Life insurance can help to ensure that your loved ones have financial security should something happen to you. Once your policy is in place, it’s important to make sure you don’t neglect the final stages of the planning process: telling your beneficiaries about the protection and making sure everything they need can be readily located when they need it.
Below are four ways you can make sure your beneficiaries have all the information they’ll need:
1. Let your beneficiaries know they’re covered.
Make sure that your beneficiaries know that they’re covered and that they’re clear on the details, including the amount of the policy. Provide them with a copy of your policy. You may want to share scanned copies of the original documents in a clearly titled email for their reference. You should also ensure that you have paper copies in a secure place and that your beneficiaries know where these are kept.
2. Get the details on your beneficiaries to include in your policies and accounts
It’s important to have information about your beneficiaries and provide them to your lawyer and financial representative. To help someone locate your beneficiaries, you’ll need critical pieces of information: full beneficiary names (double-check that you have the correct spelling), social security numbers, physical addresses, email addresses, and all phone numbers. If you have passport photos or any other information that would lead to ascertaining their identity, this could prove helpful.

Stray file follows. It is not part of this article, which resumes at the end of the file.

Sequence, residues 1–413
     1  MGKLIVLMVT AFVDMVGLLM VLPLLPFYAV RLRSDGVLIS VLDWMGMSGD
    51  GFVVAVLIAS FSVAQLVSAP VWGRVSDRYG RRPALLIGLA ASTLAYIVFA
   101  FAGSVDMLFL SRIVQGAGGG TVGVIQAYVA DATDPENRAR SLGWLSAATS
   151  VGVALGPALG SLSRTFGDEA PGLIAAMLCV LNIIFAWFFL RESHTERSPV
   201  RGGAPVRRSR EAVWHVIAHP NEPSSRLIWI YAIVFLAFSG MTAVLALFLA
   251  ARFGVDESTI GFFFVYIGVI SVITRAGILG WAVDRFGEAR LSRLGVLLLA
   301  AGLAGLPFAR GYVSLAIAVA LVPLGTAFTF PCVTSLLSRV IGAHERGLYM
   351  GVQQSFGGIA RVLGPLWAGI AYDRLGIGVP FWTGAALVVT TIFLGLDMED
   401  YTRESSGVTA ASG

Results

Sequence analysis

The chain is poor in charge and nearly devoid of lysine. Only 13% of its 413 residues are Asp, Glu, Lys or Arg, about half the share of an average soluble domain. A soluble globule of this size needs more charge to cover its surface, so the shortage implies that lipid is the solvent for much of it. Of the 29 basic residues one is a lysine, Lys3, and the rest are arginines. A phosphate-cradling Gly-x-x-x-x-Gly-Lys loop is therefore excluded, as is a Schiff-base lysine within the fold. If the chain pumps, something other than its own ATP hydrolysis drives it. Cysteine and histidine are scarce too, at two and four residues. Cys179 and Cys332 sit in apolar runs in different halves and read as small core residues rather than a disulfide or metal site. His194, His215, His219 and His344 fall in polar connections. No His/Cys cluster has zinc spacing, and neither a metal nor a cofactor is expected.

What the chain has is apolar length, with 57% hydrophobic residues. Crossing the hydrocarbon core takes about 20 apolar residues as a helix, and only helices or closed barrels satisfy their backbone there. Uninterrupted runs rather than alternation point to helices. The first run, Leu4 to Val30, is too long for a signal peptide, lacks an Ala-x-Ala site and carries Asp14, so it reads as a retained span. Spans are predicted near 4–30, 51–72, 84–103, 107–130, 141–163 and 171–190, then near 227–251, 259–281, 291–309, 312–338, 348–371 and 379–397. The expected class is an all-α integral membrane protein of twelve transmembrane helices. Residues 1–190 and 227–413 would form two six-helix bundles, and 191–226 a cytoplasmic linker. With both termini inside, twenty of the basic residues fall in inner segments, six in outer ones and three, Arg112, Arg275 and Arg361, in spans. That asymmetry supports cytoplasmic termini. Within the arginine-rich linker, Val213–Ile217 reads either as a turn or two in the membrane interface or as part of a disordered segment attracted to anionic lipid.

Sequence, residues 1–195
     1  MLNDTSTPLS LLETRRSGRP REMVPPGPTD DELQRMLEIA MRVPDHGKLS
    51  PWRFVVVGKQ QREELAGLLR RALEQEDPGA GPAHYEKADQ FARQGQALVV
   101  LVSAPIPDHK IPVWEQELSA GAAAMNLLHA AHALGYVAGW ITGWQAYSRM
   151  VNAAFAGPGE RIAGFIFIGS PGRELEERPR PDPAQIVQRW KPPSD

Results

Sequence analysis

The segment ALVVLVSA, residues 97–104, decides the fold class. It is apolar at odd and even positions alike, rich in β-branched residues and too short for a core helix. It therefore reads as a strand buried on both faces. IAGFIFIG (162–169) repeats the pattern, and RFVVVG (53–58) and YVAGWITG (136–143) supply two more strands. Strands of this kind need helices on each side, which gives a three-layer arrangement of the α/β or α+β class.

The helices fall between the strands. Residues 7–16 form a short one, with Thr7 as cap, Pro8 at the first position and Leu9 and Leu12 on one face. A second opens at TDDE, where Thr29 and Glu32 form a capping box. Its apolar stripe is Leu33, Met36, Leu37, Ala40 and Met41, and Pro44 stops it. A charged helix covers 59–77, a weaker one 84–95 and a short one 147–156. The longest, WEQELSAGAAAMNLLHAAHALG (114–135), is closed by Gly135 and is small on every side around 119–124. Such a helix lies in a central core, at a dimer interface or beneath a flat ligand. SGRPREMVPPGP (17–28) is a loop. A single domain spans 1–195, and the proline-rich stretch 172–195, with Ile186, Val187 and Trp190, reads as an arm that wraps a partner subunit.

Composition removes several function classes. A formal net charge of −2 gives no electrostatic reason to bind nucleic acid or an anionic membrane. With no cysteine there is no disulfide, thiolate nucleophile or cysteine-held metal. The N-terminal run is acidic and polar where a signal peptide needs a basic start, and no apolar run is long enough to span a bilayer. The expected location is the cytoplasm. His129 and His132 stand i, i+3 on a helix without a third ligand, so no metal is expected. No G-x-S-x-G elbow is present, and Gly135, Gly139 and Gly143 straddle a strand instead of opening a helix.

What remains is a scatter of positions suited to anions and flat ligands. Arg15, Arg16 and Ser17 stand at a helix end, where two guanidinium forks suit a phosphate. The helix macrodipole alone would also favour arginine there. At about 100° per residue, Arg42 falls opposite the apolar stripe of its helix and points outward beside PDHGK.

3. Keep your policies up to date
Review your policies regularly to ensure that all information is accurate and that your beneficiaries are properly listed. Be sure to revisit your policies in the event of a significant life change, such as a divorce or a birth of a child. List specific names for beneficiaries rather than terms such as “spouse” or “child” to help avoid confusion.
4. Create a plan of action for your beneficiaries
Keep all your records organized and in a safe place and make sure that your beneficiaries know where to go for information. As a backup, keep a duplicate set of records in another physical location, such as with your lawyer or at the home of another responsible relative. Make sure your files include the numbers and keys of any safe-deposit boxes you hold and all pertinent contact information and account numbers. If you use a cloud-based platform to secure your documents or passwords, make sure that your beneficiaries know how to access these.
Most people arrange to have an “executor,” usually a lawyer, who has been instructed to take care of essential practical matters after you’re gone. These tasks could range from funeral arrangements to securing a death certificate (essential in receiving money from life insurance) to closing out certain personal accounts, such as online profiles. Make sure that your beneficiaries understand who is appointed as your executor and are clear on the process.
You’ve prepared to financially protect your beneficiaries, so going one step further and keeping updated information readily available to those who may need it will make the process easier. Plan to discuss all your plans with your lawyer, financial representative, beneficiaries, and anyone else who may need the information to ensure your plans are fulfilled.